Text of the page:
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People in Ukraine pay close attention to Putin's speech on Victory Day


Now, people in Ukraine paid special attention to Putin's speech. And NPR's Frank Langfitt is on the line from Odesa, Ukraine. Hey there, Frank.


INSKEEP: What are you hearing?

LANGFITT: Well, one of the first things you saw in reaction was from Mykhailo Podolyak. He's adviser to President Zelenskyy here. He wrote on Twitter that much of what Charles was talking about that Putin said is simply not true. He writes, let's talk again, NATO countries. We're not going to attack Russia. Ukraine did not plan to attack Crimea. There's no rational reasons for this war, other than the painful imperial ambitions of the Russian Federation.

Now, Zelenskyy - he put out a video today. This wasn't a response to Putin, but it was - own way of acknowledging Victory Day over the Nazis, you know, as we were saying, over - during World War II. And, Steve, he's walking down this empty boulevard in Kyiv, past these giant metal barriers, which are known as tank traps. And he says, on the day of victory over Nazism, we're fighting for a new victory. There are no shackles that can bind our free spirit. We won then. We will win now.

INSKEEP: Oh - a reminder that Ukraine was part of World War II, as well. How is this anniversary being marked where you are, if at all?

LANGFITT: Completely opposite of what Charles was just describing. Everybody here is actually sheltering indoors in Odesa. And that's because the Ukrainian military has told everybody here that just off - out in the Black Sea - I'm looking out towards the horizon right now from my hotel window - six Russian ships have lined up, and there are two subs, and they're in position to launch missiles here on Odesa and in other parts of the south. Now that - as far as I can tell - I haven't heard any sirens this morning. It doesn't seem to have happened yet - may not happen at all. And there's no celebration today of the - obviously a Soviet military victory. After all, you know, Russia has been at war with Ukraine since 2014.

And yesterday, which is the normal day in the rest of Europe when people celebrate V-E Day, as they do in London, where I normally live, people were out riding bikes around the water, went down to seaside cafes. And it was really interesting, Steve. Right where I was, you could hear the boom of antiaircraft missiles taking off, aiming at cruise missiles from the Black Sea, and people would have a little jolt, and then they would just go on about their day.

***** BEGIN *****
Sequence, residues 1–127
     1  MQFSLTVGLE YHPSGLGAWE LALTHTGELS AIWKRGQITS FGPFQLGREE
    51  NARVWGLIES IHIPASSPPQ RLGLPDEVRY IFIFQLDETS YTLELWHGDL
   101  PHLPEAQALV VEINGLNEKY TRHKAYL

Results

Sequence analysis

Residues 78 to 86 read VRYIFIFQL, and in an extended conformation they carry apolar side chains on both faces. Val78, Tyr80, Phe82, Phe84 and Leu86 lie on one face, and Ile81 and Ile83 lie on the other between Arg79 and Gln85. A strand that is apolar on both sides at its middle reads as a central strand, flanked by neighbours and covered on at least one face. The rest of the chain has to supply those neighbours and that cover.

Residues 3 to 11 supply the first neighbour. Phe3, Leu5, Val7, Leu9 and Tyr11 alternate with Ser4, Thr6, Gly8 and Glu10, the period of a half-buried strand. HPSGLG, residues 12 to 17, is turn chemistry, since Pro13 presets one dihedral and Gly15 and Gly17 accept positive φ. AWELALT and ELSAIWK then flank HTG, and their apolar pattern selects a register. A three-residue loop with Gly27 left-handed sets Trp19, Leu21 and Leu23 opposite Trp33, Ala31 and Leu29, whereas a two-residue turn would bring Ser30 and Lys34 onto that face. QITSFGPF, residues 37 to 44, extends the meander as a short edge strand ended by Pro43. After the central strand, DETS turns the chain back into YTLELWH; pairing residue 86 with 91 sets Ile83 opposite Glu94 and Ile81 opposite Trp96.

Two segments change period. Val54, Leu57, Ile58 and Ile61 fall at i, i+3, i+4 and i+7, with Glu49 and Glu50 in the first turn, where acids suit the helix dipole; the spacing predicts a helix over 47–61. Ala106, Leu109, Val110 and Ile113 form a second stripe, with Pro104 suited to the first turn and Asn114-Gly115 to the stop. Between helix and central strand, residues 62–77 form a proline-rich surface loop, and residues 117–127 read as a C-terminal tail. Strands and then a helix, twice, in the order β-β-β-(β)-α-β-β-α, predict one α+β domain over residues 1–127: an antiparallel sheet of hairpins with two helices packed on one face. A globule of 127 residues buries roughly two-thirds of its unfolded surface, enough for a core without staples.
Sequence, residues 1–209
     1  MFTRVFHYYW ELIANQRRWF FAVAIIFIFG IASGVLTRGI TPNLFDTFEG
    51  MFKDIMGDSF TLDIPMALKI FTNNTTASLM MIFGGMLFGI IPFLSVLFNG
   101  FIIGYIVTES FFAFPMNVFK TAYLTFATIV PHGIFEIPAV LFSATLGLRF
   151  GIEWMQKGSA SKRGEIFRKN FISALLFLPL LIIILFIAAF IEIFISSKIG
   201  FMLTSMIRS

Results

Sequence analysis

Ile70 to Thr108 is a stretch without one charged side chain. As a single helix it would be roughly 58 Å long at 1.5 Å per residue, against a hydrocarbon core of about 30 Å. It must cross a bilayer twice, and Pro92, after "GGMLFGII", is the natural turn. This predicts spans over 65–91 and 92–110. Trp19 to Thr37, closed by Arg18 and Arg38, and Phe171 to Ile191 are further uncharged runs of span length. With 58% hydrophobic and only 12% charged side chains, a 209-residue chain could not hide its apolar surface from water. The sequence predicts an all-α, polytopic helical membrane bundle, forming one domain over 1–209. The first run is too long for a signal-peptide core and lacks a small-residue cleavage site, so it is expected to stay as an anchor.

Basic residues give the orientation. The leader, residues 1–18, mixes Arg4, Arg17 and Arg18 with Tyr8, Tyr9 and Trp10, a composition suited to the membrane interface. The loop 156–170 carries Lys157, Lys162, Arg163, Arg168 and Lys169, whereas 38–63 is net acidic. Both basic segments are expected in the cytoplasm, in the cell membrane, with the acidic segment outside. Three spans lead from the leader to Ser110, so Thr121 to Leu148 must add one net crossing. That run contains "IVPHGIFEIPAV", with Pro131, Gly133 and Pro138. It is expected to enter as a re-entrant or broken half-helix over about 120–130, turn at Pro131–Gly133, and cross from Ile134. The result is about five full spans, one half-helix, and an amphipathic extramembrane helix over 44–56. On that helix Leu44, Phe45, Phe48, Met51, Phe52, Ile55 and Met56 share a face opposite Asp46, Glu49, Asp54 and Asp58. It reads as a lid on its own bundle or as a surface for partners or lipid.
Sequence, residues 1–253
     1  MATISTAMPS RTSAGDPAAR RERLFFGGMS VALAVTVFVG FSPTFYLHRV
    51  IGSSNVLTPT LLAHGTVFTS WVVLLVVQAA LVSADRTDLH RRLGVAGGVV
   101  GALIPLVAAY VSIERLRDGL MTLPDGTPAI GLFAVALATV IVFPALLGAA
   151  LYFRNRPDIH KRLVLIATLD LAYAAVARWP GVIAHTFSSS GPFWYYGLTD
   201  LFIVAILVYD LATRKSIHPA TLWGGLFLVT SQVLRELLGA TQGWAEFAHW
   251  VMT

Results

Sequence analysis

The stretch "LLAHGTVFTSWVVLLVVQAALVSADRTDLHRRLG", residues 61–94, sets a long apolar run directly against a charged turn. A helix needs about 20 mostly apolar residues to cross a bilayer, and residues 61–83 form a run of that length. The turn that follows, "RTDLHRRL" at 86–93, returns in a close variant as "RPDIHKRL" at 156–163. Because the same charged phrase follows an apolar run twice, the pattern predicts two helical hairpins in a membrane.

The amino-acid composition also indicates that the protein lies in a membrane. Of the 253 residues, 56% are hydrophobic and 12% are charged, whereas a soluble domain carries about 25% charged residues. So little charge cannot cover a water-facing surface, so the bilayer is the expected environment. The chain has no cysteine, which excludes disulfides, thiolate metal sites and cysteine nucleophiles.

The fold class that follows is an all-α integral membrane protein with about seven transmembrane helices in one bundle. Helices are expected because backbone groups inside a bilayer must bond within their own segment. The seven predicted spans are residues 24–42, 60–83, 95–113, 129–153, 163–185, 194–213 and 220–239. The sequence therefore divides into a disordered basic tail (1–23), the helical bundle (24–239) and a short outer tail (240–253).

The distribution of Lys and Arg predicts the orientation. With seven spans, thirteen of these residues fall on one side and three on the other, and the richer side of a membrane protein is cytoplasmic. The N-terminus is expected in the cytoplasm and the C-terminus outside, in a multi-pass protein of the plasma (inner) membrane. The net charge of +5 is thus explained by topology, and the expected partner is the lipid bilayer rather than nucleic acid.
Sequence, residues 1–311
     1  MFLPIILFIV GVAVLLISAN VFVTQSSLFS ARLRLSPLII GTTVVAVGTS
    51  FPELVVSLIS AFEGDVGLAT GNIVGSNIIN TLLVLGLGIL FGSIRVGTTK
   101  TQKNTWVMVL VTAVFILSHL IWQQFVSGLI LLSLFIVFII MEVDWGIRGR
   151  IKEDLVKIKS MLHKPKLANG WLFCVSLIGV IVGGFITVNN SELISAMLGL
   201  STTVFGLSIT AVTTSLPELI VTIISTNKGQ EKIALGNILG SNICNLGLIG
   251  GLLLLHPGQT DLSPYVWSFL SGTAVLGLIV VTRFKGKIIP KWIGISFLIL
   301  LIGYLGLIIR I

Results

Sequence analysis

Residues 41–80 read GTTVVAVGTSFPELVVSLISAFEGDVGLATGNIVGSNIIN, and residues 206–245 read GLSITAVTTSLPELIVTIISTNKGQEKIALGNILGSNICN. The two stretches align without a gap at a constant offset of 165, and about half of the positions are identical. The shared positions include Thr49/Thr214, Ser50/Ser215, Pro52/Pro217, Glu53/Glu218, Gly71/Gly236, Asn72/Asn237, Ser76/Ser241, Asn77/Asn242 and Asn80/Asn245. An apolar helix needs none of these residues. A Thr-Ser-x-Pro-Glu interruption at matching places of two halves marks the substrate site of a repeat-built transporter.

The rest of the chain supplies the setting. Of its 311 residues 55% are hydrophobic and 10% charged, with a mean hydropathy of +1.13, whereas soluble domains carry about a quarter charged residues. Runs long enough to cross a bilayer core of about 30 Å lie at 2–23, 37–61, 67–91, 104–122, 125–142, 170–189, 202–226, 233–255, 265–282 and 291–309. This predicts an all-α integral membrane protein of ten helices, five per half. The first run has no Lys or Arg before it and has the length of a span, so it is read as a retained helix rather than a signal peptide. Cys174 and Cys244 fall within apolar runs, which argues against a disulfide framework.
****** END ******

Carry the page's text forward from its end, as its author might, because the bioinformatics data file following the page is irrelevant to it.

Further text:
INSKEEP: Wow. Were people celebrating at all in the Russian-occupied areas of Ukraine?

LANGFITT: Well, there were not popular celebrations. There were manufactured ones. To the east of here, we have the occupied - Russian-occupied port city of Kherson. Basically, the Russians have put in their own government there, turn - trying to turn it into a Russian city. They're putting up billboards with hammers and sickles to celebrate Victory Day, built a stage downtown for the celebration. And I saw on a Russian propaganda channel this morning, people standing in a park waving Soviet flags. They were carrying portraits of Soviet soldiers, and they were chanting, thank you, Grandpa, for the victory. Now, the vast majority of people in Kherson are against the Russian occupation, based on my conversations, and so much so, I think - so much concern - that Russian soldiers actually were setting up checkpoints every hundred yards in the last few days in the city to make sure they could stop people who might try to protest today. And the fear in Kherson, Steve, is that Russia is either going to annex it or hold a fake referendum and turn the region into an independent people's republic.

INSKEEP: Did the fighting and evacuation of civilians stop for the holiday?

LANGFITT: The evacuations, Steve, did continue. About 174 people, mostly from Mariupol, they got out by bus last night. About maybe 36, 38 of them were from that underground maze beneath the steel factory that's been under siege there for so long. It is now not clear if there are any other civilians still trapped there. Another case out in the east as well - that terrible story of the school that was leveled by a Russian bomb, 60 people were missing according to regional authorities there. They say there's still too much shelling for them to do any more excavating. And they presume that those 60 people have died.

INSKEEP: NPR's Frank Langfitt, thanks so much.

LANGFITT: Great to talk, Steve. Transcript provided by NPR, Copyright NPR.

Steve Inskeep is a host of NPR's Morning Edition, as well as NPR's morning news podcast Up First.
Frank Langfitt is NPR's London correspondent. He covers the UK and Ireland, as well as stories elsewhere in Europe.